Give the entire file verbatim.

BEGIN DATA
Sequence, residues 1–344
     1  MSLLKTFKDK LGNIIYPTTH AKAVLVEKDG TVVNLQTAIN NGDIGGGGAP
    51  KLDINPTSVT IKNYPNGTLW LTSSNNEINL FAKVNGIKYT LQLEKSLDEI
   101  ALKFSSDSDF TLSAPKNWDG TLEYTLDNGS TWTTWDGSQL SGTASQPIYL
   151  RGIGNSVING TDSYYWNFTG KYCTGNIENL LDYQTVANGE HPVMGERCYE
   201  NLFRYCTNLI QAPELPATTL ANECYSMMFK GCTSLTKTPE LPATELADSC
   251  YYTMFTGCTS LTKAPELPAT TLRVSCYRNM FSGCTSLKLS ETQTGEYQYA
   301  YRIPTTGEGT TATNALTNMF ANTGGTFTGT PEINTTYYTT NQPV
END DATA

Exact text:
Sequence, residues 1–344
     1  MSLLKTFKDK LGNIIYPTTH AKAVLVEKDG TVVNLQTAIN NGDIGGGGAP
    51  KLDINPTSVT IKNYPNGTLW LTSSNNEINL FAKVNGIKYT LQLEKSLDEI
   101  ALKFSSDSDF TLSAPKNWDG TLEYTLDNGS TWTTWDGSQL SGTASQPIYL
   151  RGIGNSVING TDSYYWNFTG KYCTGNIENL LDYQTVANGE HPVMGERCYE
   201  NLFRYCTNLI QAPELPATTL ANECYSMMFK GCTSLTKTPE LPATELADSC
   251  YYTMFTGCTS LTKAPELPAT TLRVSCYRNM FSGCTSLKLS ETQTGEYQYA
   301  YRIPTTGEGT TATNALTNMF ANTGGTFTGT PEINTTYYTT NQPV